Wilkes, Gracie Rice(born: 1912 - died: 1998) Gracie Rice was born in Kentucky and grew up in Lexington. In 1930, she was one of the three African American women admitted to the City Hospital nurses' training program in Cleveland, OH, according to "MetroHealth celebrates Black History month by remembering its history," Call & Post, 02/20/2008, p. 2. The article goes on to say that Gracie Rice learned about the program through the black newspaper, Dayton Forum. The three nursing students graduated in 1933 and were hired by City Hospital: Gracie Rice, Dorothea Davis, and Edna Wooley. According to Gracie Rice Wilkes's entry in the Ohio Death Index, she had more than five years of college and was a registered nurse.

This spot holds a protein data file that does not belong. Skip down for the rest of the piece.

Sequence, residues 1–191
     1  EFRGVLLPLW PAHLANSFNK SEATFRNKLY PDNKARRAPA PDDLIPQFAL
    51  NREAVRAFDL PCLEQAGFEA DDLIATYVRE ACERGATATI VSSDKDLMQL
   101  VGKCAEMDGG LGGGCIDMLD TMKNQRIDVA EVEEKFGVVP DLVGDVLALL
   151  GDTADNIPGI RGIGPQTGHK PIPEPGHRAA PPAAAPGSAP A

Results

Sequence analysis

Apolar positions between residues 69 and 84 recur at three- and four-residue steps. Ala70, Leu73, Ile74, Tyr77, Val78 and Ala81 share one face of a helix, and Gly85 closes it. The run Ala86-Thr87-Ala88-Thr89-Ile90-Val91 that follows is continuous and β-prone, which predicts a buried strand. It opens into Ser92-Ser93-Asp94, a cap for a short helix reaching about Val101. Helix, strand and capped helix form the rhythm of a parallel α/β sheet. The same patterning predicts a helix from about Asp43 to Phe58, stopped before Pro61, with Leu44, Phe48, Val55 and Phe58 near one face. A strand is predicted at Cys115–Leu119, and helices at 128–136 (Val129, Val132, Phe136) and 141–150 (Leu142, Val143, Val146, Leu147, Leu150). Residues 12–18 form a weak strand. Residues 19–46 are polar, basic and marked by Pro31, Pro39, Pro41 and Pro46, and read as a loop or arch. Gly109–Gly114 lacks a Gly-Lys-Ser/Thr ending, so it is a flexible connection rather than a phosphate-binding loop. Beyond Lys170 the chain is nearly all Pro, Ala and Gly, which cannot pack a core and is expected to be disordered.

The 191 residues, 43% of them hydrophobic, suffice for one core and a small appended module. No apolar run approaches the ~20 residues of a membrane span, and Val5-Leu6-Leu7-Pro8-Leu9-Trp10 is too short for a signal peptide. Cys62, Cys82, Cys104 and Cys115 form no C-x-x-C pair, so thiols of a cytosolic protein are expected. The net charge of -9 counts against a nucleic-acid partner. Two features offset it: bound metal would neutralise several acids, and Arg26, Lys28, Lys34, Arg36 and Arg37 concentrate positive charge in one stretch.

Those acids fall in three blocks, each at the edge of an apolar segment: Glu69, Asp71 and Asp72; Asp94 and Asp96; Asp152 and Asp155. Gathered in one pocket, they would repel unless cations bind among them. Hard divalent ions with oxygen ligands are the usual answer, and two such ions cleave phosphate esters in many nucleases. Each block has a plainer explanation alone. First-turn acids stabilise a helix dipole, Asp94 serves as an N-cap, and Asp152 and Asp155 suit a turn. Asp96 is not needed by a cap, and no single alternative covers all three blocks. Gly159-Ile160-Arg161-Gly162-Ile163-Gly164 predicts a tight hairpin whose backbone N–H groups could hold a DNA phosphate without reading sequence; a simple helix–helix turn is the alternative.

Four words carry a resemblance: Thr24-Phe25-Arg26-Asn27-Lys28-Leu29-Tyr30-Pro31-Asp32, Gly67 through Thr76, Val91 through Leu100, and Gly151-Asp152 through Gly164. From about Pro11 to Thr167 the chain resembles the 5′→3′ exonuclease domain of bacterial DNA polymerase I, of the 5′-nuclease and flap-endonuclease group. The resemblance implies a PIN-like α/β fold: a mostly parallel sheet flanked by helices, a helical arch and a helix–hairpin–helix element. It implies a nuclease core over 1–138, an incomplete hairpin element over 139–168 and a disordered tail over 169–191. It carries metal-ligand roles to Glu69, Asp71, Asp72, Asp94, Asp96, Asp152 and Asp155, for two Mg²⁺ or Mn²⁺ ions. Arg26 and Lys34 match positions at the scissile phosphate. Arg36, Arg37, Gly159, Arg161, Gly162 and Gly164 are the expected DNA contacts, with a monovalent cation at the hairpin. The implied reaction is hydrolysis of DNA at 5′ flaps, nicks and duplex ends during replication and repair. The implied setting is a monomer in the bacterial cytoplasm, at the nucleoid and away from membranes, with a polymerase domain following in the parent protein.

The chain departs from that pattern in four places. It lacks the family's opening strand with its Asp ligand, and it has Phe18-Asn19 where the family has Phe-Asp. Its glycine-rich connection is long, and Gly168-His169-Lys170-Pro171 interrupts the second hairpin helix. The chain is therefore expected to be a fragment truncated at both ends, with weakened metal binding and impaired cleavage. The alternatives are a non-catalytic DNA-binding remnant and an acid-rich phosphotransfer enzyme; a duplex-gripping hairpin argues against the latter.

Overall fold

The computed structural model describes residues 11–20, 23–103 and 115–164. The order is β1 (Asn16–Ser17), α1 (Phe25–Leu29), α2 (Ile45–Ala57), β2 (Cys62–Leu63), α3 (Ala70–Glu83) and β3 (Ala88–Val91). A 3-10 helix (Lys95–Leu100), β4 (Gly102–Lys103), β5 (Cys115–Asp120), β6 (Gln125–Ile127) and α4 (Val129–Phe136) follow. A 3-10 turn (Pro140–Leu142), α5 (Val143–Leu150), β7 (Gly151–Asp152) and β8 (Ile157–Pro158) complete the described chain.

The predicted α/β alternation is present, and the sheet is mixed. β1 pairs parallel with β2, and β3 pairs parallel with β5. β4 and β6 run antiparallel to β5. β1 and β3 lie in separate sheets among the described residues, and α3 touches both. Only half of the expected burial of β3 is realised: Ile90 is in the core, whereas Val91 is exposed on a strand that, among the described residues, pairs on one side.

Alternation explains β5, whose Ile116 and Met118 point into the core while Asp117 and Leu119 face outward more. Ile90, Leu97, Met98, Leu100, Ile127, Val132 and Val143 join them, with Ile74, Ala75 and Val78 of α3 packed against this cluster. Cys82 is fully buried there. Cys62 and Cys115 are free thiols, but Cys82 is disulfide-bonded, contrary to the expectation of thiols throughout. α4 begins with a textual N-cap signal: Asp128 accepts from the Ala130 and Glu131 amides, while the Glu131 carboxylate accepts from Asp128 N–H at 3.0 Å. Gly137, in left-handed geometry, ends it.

Prior to the late 1920s, African Americans in Cleveland had not been admitted to hospital internship programs or nurses training programs. The integration of the nursing program at City Hospital came as a result of the political power gained by Blacks at the end of the 1920s; during their election, three city council members had promised that, if elected, they would fight to end the discrimination at City Hospital. The editor of the Cleveland Gazette claimed the fight was led by the newspaper and the move was opposed by the "Blossom Triplets": city councilmen Clayborne George, Roy Bundy, and Larry Payne. For more see Cleveland: a metropolitan reader, by W. D. Keating, N. Krumholz and D. C. Perry; "Read! Read!! The rounder on what's doing," Cleveland Gazette, 10/15/1938, p. 2; A Ghetto Takes Shape: Black Cleveland, 1870-1930, by K. L. Kusmer; and Making a Place for Ourselves: the Black Hospital Movement, 1920-1945, by V. N. Gamble.